Friday, December 31, 2010


I somehow wandered upon this blog that posted what they thought the 5 traits of successful artists were.  They focus on visual artists, but I think many of these work for writers too.

I'll put my own thoughts below in blue text...



5 Common Traits of Successful Artists:

1.  Art is the core of their lives. Successful artists wake up and go to sleep thinking about art. They carve out time in their day making art or marketing it. (In fact, for these artists, there seems to be no clear distinction between the creativity of making and marketing.) If they have a full-time job, it is secondary in their minds to art and mostly a means to and end. Their real job  is being an artist.

-- This is very true for writers too.  Even if you have families, jobs that aren't related to writing, hobbies, other commitments, your writing is the core of your life.  

I think it's interesting how she mentions "marketing" here as for writers that's an important part of the job too.  I know so many think it's a bad word, but part of the job as a writer is submitting your work.  There is a difference to "smart marketing" or "shameless self-promotion" - you want to be known as a writer, not someone people run away from because they see your book peeking out of your shirt pocket.  


2.  Successful artists understand how business works in the art world. Successful artists understand the entrepreneurial aspects of making a living as an artist. When they encounter something new or unusual on the business side, they investigate and learn to do it or delegate the task. They know the value of relationships and network in person and through social media.  

For me, this one really means, act professional.  If you make a commitment, stick with it.  Don't be flaky, learn how to submit to presses, literary journals, and editors in a professional manner.  Don't respond with what I call "the poison pen" when you feel wronged, rejected, or upset with publisher, literary journal or another writer -- (my Poison Pen definition:  this is when people write fast crazy emails filled with anger and venom then hit the send button without caring how the recipient may feel or what bridge they are burning).

But yes, also when you don't know how to do something, learn how to and do make connections with others (real connection, not phony "build-your-brand" connections, but real I-like-your-work-and-who-you-are connections).


Successful artists have a strong work ethic. They  manage themselves, their creative energy and resources. They balance the time to produce art and to market it. Whatever rhythm of working they choose, they stick to it. Whether these artists enjoy the business tasks or not, they know they must be done  and they do them without complaint or resentment.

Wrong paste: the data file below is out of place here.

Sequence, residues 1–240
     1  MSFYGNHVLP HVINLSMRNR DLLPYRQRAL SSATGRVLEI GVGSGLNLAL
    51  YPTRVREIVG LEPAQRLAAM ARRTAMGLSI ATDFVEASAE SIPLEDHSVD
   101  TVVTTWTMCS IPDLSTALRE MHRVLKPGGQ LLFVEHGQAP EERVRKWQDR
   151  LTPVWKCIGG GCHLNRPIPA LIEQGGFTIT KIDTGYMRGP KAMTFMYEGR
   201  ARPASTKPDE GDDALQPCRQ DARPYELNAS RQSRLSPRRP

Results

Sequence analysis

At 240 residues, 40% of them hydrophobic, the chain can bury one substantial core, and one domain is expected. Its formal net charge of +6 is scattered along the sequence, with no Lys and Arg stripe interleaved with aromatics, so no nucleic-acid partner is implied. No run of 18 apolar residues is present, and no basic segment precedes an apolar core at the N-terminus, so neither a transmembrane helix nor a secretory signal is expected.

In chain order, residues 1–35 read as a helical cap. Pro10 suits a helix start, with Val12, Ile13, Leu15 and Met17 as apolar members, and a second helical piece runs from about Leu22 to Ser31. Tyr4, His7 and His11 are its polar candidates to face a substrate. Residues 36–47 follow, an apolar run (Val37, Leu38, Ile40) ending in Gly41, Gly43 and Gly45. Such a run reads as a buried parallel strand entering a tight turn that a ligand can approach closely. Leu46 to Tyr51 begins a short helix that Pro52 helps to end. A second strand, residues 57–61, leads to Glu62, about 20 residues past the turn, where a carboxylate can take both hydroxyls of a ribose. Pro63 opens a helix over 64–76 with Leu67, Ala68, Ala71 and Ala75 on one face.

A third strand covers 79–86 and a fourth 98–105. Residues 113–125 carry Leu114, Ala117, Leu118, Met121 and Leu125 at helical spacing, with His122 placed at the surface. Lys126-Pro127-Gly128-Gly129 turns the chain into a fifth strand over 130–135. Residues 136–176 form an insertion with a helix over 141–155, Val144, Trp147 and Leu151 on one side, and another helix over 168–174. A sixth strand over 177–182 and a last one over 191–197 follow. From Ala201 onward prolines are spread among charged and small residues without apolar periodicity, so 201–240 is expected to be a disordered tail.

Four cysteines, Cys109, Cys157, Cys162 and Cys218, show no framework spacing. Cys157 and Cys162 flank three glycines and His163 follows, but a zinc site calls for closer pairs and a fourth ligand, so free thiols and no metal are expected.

---Work ethic should really be #2, it's that important.  Your focus should be on your art first, then the business side of things.  If you're not produce good strong work, you shouldn't be marketing it.


Successful artists are resilient. They know that success does not happen overnight – it requires hard work. These artists understand that things don t always work out the way they expect. When they make mistakes, they focus on solutions, not on regrets. They  learn from experience and experiment to improve on any success they have.

--- I love this one.  I think it's important to remember that everyone gets rejections.  It's not always easy and you will make mistakes.  Be resilient to rejections.  Be very resilient to rejections.  We all get them.  It's again, just part of the job!


Successful artists spend time only with people who are 100% supportive of their art career. They limit their time and emotional involvement with people who are negative  especially about art as a career choice. If people close to them have the skills and inclination to be more directly involved in their art career, the artist can produce more and better. Successful artists do not allow unsupportive people to be an obstacle to their plans for success.

--If you make one change in your writing life this year, this is one thing you should do-- keep the positive, supporting people in life.




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2 comments:

Renee said...

thanks for sharing this, its great and so true! surrounding myself with people who support my writing has made such a difference!

January said...

Ooh, this is spot-on. I couldn't agree more. Thanks for sharing.

And, Happy New Year, from one poet mom to another!

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